Remarkable. Generally, this is a word not often used in casual conversation. It can be replaced by hyperbolic synonyms: exceptional, astounding, amazing.
Yet “remarkable” is more raw and unembellished, conveying a better sense of realism. If the Wednesday, Oct. 16 “Pride Night” for the Los Angeles Lakers had a storyline, Chapman senior Riley Drexel simply described it as “remarkable.”
He helped organize this event, part of a preseason game against the Golden State Warriors and between his scrambling around the arena that night, he saw his efforts come to fruition. During halftime, a pitch-black arena was illuminated by the LED glow of Pride bracelets on the wrists of nearly 19,000 attendees within Staples Center.
The twinkling lights swayed to the beat of Imagine Dragons and Coldplay lyrics, blasting through arena loudspeakers. Drexel’s former sports public relations professor at Chapman, Doug Aiken, was in attendance after receiving an invite from his old student. As he described, the bracelets each glowed a different color depending on the specific section a fan was seated; one area red, one blue, etc. Each shade blended together in a symbol of pride, of unity – a rainbow.
“Seeing it all come together in the formative production – it made me tear up,” Drexel said. “Everybody from our players to our front office to the executives to my family to the VIP guests, to the celebrities, they loved it.” Drexel’s aunt is Jeanie Buss, the CEO of the Los Angeles Lakers – an organization famous for having deep family ties – who gave him the title of Creative Director for the event.
Yet he earned that role not just because of bloodline, but because he also relates to Buss as a friend, mentor and activist. Drexel carries a passion for making change, which he believes Buss noticed as a woman who’s paved the way to the top of a male-dominated industry.
“She has never let anyone get in her way with making a difference,” Drexel said. “She sees that in me, of wanting to make a difference and wanting to lead the change regardless of the politics and regardless of individuals second-guessing or not having your back.”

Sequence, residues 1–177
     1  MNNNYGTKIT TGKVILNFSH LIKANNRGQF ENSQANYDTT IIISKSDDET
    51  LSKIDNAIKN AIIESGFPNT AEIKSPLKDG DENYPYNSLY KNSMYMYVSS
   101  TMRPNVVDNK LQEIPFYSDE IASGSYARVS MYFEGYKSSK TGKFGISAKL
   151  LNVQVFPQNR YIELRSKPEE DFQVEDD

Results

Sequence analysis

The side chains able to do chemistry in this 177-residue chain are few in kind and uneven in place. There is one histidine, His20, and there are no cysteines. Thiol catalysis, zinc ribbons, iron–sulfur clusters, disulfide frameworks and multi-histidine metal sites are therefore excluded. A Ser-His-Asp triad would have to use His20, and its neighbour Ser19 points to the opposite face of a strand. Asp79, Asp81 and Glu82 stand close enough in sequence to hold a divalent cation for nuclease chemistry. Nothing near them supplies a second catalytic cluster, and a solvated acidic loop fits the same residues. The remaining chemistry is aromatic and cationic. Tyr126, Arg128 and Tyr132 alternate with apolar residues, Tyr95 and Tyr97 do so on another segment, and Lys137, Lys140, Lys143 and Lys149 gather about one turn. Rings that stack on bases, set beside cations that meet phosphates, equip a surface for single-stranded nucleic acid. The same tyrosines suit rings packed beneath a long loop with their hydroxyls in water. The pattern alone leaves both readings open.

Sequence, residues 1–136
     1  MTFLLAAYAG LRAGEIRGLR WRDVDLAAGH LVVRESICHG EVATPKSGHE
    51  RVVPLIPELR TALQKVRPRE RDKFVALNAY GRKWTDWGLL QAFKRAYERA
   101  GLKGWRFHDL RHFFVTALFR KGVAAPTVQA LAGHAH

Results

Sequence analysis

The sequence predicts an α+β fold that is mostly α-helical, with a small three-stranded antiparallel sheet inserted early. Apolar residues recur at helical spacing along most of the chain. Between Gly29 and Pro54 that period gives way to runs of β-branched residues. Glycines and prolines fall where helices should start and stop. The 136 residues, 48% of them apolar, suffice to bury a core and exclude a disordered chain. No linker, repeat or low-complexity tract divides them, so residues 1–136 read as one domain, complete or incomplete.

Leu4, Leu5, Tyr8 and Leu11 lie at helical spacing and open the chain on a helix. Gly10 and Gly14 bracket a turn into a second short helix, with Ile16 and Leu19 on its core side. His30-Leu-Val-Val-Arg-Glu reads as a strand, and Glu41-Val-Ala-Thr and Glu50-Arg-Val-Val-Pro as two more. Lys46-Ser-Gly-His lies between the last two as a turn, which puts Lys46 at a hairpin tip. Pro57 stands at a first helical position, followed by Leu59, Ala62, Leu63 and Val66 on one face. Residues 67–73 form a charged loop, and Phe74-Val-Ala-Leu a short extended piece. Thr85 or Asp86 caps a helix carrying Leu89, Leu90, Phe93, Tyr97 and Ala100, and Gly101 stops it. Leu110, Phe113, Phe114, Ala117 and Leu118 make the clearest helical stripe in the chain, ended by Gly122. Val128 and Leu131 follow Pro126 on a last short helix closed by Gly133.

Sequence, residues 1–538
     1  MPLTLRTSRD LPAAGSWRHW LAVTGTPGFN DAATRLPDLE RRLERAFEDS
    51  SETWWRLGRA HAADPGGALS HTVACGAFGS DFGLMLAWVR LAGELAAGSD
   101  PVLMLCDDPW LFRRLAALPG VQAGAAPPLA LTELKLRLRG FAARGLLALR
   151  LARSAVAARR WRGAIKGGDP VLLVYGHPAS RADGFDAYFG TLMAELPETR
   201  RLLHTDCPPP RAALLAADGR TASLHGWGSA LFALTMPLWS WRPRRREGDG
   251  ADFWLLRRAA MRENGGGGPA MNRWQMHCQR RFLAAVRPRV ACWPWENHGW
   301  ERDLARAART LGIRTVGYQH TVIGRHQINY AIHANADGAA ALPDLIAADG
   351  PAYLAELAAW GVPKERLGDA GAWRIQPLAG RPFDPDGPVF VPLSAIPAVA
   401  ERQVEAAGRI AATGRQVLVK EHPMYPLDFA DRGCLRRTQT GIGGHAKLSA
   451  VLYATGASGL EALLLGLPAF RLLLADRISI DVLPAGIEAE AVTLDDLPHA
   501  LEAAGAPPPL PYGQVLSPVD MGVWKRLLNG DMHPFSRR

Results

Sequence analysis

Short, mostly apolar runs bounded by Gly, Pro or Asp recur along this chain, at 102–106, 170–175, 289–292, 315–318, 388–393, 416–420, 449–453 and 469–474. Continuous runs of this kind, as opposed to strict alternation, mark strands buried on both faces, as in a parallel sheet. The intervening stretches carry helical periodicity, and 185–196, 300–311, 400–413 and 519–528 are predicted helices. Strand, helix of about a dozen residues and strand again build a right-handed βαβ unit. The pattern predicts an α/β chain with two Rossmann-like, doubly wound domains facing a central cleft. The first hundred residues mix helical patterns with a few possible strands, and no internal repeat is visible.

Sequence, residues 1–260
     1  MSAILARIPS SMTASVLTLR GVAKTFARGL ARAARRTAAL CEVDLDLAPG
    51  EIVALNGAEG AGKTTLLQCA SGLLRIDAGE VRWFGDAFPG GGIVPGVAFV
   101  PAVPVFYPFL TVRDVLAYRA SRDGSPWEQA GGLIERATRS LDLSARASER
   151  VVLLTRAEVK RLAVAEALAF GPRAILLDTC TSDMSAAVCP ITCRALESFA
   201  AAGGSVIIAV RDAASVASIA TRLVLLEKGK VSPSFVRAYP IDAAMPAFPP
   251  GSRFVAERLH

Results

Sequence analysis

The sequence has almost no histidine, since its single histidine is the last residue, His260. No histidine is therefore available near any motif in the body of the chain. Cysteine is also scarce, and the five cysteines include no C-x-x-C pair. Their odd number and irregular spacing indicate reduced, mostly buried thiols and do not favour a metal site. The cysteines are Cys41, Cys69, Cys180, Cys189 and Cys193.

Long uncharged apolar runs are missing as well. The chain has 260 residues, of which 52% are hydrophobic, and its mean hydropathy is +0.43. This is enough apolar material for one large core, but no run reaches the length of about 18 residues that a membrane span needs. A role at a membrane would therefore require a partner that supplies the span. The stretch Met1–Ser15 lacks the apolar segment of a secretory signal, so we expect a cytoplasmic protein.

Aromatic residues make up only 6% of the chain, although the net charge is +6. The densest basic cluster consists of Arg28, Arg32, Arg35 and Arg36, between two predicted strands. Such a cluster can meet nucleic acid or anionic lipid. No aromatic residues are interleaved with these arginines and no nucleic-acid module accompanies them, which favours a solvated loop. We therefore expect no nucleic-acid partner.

After the team’s first Pride Night the prior year, Drexel pitched to Buss a self-dubbed “Pride Night 2.0” as a formal proposal during May and June, with supporting information that a fair percentage of the Los Angeles market identifies as a member of the LGBTQIA+ community. He thought of utilizing social media. He thought of emphasizing community relations. He thought of a Coldplay concert he’d been to when fans wore LED bracelets and everyone “forgot about reality and turned to happiness.”
“If you love sports, don’t be afraid to ever go the distance, even if you’re gay or lesbian or bisexual and you feel there’s a barrier there, that you’re entering a straight person’s world,” Drexel, who identifies as homosexual, said. “We want to show that the entire night is about community.”
For the Lakers’ first-ever pride night on Oct. 4, 2018, a tradition that was carried into this year’s event, Drexel created an award. He dubbed it “Laces of Unity,” selecting and honoring an individual from the world of sports that has made significant strides in the LGBTQIA+ community. Appropriately, the trophy itself is a shoe. Yet like a slew of other features of this night, elements of the trophy are rainbow-colored and carry a larger message Drexel hopes to convey.
“The one common theme in sports is everyone has to wear a shoe. And so, the shoe represents what brings us all together; the laces are what tie us together and unite us as one – regardless of orientation, religion, gender, creed,” Drexel said.
Robbie Rogers, a former professional soccer player for the Los Angeles Galaxy, was awarded the trophy. In addition, the Gay Men’s Chorus of Los Angeles performed the national anthem and fans from The Trevor Project of Los Angeles – a foundation dedicated to preventing suicide amongst LGBTQIA+ youth – were in attendance.
Drexel played a leading role in gathering all these figures. Now, he hopes to plan an even more improved Pride Night in 2020. Time will tell if it becomes more remarkable than its predecessor.